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My 331 is set up with a 27.5" draw length, and 70 lbs. limbs maxed out.

The experiment started as a result of the fact that I just put together some new Easton XX75 Platinum Plus aluminum arrows (size 2213) for 3d/target shooting with my Ross. The total arrow weight for these is 378.4 grains, which is 5.406 gpp.

Previously, I was shooting 45/70 CarbonTech Cheetah's with a total arrow weight of 345.2 grains, which is just a *hair* (5 grains) under the 5 gpp minimum at 4.929 gpp. This is fine given my short draw length of 27.5" and it's inherrently reduced power stroke.

Here's where it gets interesting... I knew from a previous experiment that the fps generated by shooting my Cheetah's did not seem to change at all regardless of whether I was shooting these arrows tipped with 100 gr. or 125 gr. field points... With both setups, the arrows impacted identically elevation-wise at 40 yards. Further, shooting the Cheetahs with 125 grain tips put my arrow much closer to the 5 gpp minimum, and the arrows seemed to group better. The speed of the Cheetahs is 280 fps.

This kind of stumped me though given that it *should* be physically impossible two arrows are 25 grains different to impact at the same elevation... I figured either it had to do with diminishing efficiency with with the lighter arrow, or possibly had something to do with the difference in FOC %.

Here is where it gets REALLY interesting. Yesterday I printed up a new sight tape for the new Easton XX75's using the On Target Tapes and Charts program. This program had accurately predicted my fps with the Cheetahs, resulting in a dead-accurate tape from the very first one I printed, so I figured the same would hold true for my heavier XX75 arrows. The Tapes and Charts program calculated that my speed with these new arrows would be 264 fps, so I printed up the corresponding tape.

In going to shoot these arrows yesterday, I started noticing that they were all impacting high at the corresponding yardage marks for 20, 30, and 40 yards. To experiment, since I had both tapes attached to my sight at this point, I decided I would try using the old tape for the Cheetah's instead. Low and behold, the 33.2 grain heavier XX75's impacted IDENTICALLY to the Cheetahs!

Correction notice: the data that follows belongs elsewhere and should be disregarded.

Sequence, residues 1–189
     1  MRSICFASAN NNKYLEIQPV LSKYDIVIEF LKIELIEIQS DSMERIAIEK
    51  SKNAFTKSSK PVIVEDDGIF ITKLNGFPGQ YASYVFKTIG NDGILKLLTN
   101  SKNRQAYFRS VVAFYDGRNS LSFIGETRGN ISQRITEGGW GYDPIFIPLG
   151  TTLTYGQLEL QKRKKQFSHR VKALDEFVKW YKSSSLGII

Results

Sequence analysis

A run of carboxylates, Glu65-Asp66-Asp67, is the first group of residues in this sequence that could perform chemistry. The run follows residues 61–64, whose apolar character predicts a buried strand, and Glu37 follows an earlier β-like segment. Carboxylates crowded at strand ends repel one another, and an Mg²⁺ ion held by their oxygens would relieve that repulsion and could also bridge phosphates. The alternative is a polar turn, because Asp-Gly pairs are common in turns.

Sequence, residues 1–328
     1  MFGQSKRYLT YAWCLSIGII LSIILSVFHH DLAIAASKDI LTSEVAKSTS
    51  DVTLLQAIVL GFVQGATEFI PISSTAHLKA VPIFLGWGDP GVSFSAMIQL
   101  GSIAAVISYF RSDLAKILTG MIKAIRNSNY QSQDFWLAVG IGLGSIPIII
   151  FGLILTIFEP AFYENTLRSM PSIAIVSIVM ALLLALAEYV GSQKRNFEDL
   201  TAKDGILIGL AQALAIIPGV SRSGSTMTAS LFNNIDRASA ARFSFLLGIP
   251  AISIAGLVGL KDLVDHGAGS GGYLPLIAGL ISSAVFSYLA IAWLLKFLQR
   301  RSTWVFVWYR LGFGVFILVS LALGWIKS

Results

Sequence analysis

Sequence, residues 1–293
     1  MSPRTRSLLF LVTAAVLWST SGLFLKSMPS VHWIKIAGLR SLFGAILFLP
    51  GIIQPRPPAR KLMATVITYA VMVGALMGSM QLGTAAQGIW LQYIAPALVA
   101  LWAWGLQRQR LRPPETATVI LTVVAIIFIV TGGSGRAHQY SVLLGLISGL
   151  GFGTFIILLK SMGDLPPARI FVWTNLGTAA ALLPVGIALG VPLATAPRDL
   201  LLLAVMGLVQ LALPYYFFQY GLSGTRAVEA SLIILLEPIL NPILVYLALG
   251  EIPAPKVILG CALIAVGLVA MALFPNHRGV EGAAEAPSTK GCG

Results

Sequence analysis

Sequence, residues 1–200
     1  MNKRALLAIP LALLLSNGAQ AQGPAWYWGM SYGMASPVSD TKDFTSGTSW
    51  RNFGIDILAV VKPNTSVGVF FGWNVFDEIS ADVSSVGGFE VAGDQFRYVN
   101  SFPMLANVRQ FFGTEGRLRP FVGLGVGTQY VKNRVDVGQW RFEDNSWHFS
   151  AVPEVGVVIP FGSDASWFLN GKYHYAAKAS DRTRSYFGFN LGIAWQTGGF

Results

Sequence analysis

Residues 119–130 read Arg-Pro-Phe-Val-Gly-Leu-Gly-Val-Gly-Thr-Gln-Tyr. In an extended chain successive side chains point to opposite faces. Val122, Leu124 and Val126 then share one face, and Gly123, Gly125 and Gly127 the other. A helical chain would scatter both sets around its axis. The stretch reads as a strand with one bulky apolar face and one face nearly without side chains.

Now, I realize this should be physically impossible, and I haven't chrono'd the new arrows to verify speed, but accoring to point of impact, the speed with the heavier arrows would appear to very close, if not identical to that of the Cheetahs!

The only two things I can figure again are that this has something to do with picking an arrow weight that maximizes the efficiency of the Ross bow, or the different FOC % of the Aluminum arrows, which is right around 8%, versus the 13+% FOC of the Cheetahs.

If this is the case, it's a no-brainer to shoot the heavier arrows given that the trajectory appears identical, and they're going to have KE given then added weight.

I should also add that this bow is perfectly group tuned and punching bullet holes with bow shafts, no adjustments needed depsite the differing diameter of the shafts.

I realize what I am experiencing isn't physically probable... but does anyone have a better explanation of what might be happening here?

My hypothesis is that it seems that there would appear to be a diminishing level of effiency when shooting progressively lighter arrows out of a Ross bow, which is really pretty cool if you think about it, since max efficiency with heavier arrows = max kinetic energy!